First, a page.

• Nils Gums talked about the grassroots success of the band Karmin from YouTubers to major-label artists, which he helped engineer. We were also treated to the first broadcast performance of Brokenhearted, the band's new single (Karmin taped it especially for TEDx). Supposedly the band also sang it last Saturday when they hosted Saturday Night Live. I am not a pop music fan, but even I enjoyed the music, which says something.
  • Jerri Chou talked about social innovation.
  • There were also great TED videos featuring (separately) Clay Shirky and Tony Porter, as well as excellent live music.

 More tomorrow!


Open Innovation

Open innovation is defined by Dr Henry Chesbrough of UC Berkeley, who coined the term, as "the use of purposive inflows and outflows of knowledge to accelerate internal innovation, and expand the markets for external use of innovation, respectively. [This paradigm] assumes that firms can and should use external ideas as well as internal ideas, and internal and external paths to market, as they look to advance their technology."

Chesbrough has popularized the idea through two books, Open Innovation: The New Imperative for Creating and Profiting from Technology (Harvard Business Review Press, 2003) and Open Services Innovation: Rethinking Your Business to Grow and Compete in a New Era (Jossey-Bass, 2011). In addition, he co-edited Open Innovation: Researching a New Paradigm (Oxford University Press, 2006), the chapters of which are available for free on the UC Berkeley website.

He wrote the first chapter of the OUP book, which can serve as a paper-length primer on open innovation. In particular, he states that "at its roots, open innovation assumes that useful knowledge is widely distributed, and that even the most capable R&D organizations must identify, connect to and leverage external knowledge sources as a core process in innovation." Examples of companies practicing open innovation include IBM, Intel and Procter&Gamble.

Chesbrough argues that the open innovation paradigm differs from previous innovation frameworks in many important respects:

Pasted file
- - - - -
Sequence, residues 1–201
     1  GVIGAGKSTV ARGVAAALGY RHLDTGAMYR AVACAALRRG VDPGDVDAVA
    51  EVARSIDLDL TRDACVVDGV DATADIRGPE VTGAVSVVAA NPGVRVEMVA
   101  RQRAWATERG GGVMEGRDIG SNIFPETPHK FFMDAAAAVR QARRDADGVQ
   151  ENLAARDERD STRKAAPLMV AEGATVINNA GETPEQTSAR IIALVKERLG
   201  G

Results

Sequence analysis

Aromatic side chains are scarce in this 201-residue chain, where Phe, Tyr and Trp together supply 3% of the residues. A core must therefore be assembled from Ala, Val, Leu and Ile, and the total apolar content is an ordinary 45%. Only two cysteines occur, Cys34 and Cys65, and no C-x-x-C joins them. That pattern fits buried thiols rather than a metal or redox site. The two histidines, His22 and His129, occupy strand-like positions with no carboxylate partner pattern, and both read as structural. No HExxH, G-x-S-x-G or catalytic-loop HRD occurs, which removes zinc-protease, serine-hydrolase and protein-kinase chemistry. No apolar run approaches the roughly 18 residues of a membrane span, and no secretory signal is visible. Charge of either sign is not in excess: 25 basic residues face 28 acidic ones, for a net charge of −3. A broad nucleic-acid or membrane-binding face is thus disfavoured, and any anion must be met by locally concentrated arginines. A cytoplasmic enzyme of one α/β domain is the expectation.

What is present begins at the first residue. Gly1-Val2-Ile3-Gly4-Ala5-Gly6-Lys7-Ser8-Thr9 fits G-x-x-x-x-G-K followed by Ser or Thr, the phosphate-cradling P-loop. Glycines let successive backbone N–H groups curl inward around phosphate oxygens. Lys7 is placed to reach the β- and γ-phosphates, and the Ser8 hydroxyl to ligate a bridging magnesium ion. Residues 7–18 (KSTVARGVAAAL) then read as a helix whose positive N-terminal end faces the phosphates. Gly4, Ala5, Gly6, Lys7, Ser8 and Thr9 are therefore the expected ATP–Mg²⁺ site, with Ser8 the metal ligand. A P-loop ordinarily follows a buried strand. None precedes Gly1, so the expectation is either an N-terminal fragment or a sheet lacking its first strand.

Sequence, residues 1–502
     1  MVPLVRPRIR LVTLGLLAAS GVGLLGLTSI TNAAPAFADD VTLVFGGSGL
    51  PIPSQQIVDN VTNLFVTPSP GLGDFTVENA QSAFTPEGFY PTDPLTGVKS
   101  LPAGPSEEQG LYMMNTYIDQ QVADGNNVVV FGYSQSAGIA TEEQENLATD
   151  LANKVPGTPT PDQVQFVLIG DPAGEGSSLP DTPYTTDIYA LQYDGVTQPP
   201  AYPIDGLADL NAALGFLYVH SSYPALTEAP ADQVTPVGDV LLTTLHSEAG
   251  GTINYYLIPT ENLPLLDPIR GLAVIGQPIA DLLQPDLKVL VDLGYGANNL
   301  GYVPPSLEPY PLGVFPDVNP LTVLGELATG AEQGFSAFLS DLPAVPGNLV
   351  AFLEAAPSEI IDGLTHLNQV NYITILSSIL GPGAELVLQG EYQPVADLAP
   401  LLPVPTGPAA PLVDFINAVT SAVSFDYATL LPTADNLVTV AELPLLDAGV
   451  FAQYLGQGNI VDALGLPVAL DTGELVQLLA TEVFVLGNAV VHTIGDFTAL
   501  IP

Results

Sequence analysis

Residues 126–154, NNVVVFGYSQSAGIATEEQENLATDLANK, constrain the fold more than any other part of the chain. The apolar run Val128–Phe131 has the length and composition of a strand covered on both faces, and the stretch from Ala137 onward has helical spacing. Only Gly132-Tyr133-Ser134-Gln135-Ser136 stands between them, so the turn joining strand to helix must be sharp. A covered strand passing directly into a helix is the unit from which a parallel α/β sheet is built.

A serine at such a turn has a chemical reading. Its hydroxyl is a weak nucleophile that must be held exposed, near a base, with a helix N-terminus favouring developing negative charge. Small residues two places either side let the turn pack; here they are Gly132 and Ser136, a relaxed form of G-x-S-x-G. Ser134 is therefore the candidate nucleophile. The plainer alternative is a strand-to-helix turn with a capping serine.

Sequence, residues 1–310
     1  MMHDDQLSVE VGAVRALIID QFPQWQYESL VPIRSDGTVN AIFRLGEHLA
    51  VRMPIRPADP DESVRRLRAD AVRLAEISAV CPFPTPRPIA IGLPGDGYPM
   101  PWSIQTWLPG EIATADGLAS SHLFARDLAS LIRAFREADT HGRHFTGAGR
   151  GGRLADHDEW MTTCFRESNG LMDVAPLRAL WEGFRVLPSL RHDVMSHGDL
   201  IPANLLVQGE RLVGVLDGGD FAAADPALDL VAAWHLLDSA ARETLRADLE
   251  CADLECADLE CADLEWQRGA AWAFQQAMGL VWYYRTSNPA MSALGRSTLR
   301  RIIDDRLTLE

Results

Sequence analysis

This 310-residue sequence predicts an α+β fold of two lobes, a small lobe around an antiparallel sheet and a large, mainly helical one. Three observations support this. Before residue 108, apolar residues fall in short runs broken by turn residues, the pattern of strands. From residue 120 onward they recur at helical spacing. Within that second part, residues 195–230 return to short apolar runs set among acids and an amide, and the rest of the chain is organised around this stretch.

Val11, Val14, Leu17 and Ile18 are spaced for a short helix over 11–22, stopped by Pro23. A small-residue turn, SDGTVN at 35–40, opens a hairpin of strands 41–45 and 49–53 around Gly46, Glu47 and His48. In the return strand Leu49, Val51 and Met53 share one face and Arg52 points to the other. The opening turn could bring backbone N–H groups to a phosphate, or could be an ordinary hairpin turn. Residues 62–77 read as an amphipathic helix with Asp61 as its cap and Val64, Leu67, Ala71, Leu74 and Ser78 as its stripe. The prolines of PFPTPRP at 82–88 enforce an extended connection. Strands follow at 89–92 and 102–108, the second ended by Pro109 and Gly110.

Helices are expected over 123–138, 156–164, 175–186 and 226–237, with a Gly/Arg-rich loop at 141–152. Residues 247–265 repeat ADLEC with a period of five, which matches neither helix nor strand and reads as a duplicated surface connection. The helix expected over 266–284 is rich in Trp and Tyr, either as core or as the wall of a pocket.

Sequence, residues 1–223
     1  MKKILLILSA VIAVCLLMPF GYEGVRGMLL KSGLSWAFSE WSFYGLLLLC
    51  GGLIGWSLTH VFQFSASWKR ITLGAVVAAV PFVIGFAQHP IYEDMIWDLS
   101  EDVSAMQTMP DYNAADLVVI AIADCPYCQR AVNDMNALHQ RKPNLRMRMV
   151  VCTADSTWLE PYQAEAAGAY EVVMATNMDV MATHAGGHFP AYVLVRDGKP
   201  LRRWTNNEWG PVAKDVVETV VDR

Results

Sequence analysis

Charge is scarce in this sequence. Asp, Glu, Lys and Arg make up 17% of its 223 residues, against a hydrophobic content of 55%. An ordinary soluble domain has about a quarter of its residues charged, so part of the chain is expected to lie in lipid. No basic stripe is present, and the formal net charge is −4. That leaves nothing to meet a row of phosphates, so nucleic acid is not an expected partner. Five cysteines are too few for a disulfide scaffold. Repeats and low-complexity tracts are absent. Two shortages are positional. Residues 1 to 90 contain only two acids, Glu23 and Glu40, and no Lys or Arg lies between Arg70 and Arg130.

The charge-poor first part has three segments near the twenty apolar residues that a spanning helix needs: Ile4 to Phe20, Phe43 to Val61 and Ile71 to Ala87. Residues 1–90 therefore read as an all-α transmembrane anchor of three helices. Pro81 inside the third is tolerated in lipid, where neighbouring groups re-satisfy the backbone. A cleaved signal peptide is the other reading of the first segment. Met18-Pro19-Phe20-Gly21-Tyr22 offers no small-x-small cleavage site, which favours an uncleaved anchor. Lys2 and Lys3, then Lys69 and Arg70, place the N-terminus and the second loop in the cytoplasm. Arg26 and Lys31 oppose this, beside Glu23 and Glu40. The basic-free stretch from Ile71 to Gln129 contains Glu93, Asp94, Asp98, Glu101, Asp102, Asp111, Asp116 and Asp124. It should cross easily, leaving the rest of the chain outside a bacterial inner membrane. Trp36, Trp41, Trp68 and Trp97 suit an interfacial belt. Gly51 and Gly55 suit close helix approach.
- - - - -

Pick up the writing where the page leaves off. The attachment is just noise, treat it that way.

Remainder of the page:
1. The critical importance of external knowledge in innovation.
  2. The centrality of the business model, often forgotten in other approaches.
  3. The recognition of the existence of assessment errors in evaluating R&D projects, in particular, false negatives, "where the project does not fit the company's business model, and is therefore not perceived as valuable to the firm".
  4. The recognition of purposive (rather than accidental) outbound flows of knowledge.
  5. The assumptions underlying the knowledge landscape (knowledge is assumed scarce in closed-innovation models, widely-distributed in open-innovation models).
  6. A new and proactive role for intellectual property management.
  7. The rise of intermediaries in innovation markets.
  8. The "development of new and different metrics for assessing the performance of a firm's innovation process."  

In an article published in the Summer 2011 issue of Strategy+Business, Chesbrough discusses how this paradigm applies to services innovation, in connection with the publication of his new book. He argues that successful manufacturers must reinvent themselves "as hybrid product-service companies that design their business models around creating more meaningful experiences for their customers."

Here are a few companies he mentions as already applying the open-innovation framework:

  • General Motors with the OnStar system
  • General Electric with its financing arm
  • Ikea, Apple and others with their own retail outlets
  • Amazon with its Kindle, its Amazon Web Services and the third-party marketplace
  • Xerox and its Managed Print Services
  • Taiwan Semiconductor Manufacturing Company "with its co-creation model for helping customers design computer chips, which it then manufactures to order". (This example is described at length in the article.)

Chesbrough, along with a colleague at San Jose State, Joel West, created a website for the open innovation community called openinnovation.net, full of resources for managers interested in learning further about this topic and implementing it in their own organization.